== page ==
Cairn to Launch Oil Fields in India
MUMBAI (THE WALL STREET JOURNAL ASIA via Dow Jones Newswires), Aug. 26, 2009
A unit of Cairn Energy PLC is about to start production in fields that marked India's biggest oil discovery in decades, as the Indian government seeks to reduce its dependence on oil imports.
Cairn India is scheduled to start oil production in western India after five years developing the fields. India's Prime Minister Manmohan Singh is scheduled Saturday to inaugurate production at one of Cairn's fields in the western state of Rajasthan. Cairn and its partners have invested about $2 billion developing the fields since their discovery five years ago.
"It has been a long journey for us," Rahul Dhir, managing director and chief executive of Cairn India Ltd. told reporters in a conference call. "And it is an important part of our national energy security."
India needs more discoveries like the Cairn fields as it tries to trim its oil import bill. India imports around 70% of its crude oil. Overall demand has grown amid a booming economy, which has expanded annually from 6% to 9% in the past five years, and the dependence on foreign oil has been climbing.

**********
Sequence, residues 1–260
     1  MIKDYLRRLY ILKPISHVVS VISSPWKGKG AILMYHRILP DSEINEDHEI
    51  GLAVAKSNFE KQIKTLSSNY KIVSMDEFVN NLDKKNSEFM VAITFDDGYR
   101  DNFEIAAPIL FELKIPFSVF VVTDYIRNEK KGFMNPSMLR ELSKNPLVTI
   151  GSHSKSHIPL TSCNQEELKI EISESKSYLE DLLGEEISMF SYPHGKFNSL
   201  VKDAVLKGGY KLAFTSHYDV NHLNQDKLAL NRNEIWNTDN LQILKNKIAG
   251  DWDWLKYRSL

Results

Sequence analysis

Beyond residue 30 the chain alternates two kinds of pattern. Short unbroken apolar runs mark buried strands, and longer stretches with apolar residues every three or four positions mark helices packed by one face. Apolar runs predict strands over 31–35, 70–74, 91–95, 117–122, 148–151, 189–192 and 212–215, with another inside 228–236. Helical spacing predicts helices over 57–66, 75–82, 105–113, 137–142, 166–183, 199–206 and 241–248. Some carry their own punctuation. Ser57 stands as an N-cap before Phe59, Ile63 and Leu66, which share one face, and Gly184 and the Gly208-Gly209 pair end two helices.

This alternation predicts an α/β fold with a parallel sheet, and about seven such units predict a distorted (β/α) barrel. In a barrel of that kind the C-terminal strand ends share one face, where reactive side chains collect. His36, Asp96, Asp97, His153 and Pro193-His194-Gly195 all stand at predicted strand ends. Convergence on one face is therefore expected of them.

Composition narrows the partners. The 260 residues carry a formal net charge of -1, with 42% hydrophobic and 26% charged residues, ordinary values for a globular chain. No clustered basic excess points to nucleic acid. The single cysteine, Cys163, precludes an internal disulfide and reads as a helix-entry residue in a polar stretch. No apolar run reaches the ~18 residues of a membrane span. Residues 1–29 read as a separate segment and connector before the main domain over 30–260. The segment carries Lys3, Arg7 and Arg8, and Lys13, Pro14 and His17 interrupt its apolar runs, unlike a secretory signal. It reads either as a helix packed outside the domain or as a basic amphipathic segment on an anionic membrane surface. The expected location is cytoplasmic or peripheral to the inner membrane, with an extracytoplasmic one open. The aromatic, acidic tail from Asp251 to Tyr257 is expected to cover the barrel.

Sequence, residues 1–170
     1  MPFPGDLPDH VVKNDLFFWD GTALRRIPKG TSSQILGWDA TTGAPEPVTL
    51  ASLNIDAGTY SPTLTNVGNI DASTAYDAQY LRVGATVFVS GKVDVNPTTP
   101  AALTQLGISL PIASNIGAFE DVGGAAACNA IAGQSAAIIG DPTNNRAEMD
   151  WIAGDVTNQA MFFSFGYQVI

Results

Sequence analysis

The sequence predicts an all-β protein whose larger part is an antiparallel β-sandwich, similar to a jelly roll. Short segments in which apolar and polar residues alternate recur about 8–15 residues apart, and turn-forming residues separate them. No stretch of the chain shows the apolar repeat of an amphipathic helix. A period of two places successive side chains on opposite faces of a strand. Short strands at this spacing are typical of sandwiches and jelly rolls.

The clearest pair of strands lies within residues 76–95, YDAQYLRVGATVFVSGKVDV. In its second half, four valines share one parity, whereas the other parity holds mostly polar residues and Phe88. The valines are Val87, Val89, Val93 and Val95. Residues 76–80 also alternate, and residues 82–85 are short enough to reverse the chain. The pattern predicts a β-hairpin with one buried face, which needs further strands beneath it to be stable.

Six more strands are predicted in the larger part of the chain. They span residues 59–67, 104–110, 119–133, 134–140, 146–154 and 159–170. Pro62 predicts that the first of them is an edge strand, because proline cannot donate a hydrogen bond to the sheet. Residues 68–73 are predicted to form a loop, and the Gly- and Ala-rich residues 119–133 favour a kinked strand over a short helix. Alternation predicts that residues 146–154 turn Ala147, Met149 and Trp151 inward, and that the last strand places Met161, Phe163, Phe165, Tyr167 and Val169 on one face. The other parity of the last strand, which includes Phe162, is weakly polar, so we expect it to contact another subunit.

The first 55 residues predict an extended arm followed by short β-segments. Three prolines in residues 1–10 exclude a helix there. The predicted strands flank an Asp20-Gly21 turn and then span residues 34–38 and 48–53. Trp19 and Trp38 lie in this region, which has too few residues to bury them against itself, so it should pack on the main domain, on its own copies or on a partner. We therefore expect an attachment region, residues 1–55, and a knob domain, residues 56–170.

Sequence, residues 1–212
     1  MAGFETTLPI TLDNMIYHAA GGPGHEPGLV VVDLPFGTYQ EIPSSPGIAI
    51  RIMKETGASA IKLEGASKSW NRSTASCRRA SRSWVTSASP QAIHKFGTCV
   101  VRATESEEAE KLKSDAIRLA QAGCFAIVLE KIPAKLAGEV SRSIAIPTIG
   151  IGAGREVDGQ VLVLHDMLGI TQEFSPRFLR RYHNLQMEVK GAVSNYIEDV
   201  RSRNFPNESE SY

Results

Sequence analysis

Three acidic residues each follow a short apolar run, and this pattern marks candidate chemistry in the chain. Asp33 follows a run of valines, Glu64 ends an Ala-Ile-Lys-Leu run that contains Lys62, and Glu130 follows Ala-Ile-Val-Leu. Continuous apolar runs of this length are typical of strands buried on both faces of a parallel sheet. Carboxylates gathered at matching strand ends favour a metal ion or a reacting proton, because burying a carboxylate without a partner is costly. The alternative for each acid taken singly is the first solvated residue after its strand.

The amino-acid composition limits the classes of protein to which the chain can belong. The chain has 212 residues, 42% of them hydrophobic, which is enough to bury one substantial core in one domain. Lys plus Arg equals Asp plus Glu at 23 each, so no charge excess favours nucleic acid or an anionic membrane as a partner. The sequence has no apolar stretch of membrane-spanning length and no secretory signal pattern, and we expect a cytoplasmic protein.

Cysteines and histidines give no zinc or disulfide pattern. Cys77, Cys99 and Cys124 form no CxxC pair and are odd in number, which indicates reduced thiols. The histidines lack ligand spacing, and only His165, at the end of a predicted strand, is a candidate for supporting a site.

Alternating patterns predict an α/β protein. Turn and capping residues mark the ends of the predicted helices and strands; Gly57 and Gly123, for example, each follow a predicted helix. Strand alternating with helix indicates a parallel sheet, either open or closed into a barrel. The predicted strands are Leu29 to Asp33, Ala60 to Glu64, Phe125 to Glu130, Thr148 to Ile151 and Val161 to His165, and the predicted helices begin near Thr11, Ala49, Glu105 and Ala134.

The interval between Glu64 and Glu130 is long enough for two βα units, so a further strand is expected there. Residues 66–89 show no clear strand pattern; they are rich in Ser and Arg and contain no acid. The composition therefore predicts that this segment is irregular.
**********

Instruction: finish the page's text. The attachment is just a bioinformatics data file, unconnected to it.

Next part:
Hoping to find more energy at home, the Indian government this month is putting on a global road show to drum up bids for the rights to explore other regions of the country for oil and natural gas. India-listed Cairn India is a subsidiary of London-listed Cairn Energy.
While there are few restrictions on foreign companies in oil exploration and development in India, it still took more than a year of getting bureaucratic approvals to start the project, which is why it took so long to get off the ground, according to S.P. Tulsian, an independent oil and gas analyst.
After production starts this week from its Mangala, Bhagyam and Aishwariya oil fields in Rajasthan, Cairn's fields will produce around 30,000 barrels of oil a day. The company will increase production to 175,000 barrels of oil a day over the next few years. At its peak production, the new fields will add as much as a fifth to India's oil-producing capacity.
Cairn projects that it will be able to easily pump around one billion barrels of oil out of the fields. Mr. Dhir said it could get another 10% to 20% from its wells if it uses more expensive oil-recovery technology. He said the company could be pumping oil from the Rajasthan fields for the next 40 to 50 years.
(Sonya Misquitta in Mumbai contributed to this article. )
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